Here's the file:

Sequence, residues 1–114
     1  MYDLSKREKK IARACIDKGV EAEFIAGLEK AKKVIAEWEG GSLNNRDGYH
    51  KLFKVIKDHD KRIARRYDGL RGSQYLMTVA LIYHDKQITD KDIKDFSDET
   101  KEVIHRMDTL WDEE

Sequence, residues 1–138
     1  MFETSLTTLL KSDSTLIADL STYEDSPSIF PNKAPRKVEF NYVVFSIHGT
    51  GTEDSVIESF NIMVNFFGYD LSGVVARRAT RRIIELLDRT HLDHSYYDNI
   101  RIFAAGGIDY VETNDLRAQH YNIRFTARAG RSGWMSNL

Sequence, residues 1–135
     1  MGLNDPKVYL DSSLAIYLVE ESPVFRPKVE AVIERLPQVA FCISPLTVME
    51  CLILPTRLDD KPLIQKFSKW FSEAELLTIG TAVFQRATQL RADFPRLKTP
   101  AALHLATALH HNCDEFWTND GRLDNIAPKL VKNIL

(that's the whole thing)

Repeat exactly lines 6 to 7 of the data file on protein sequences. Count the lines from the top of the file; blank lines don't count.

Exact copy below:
     1  MFETSLTTLL KSDSTLIADL STYEDSPSIF PNKAPRKVEF NYVVFSIHGT
    51  GTEDSVIESF NIMVNFFGYD LSGVVARRAT RRIIELLDRT HLDHSYYDNI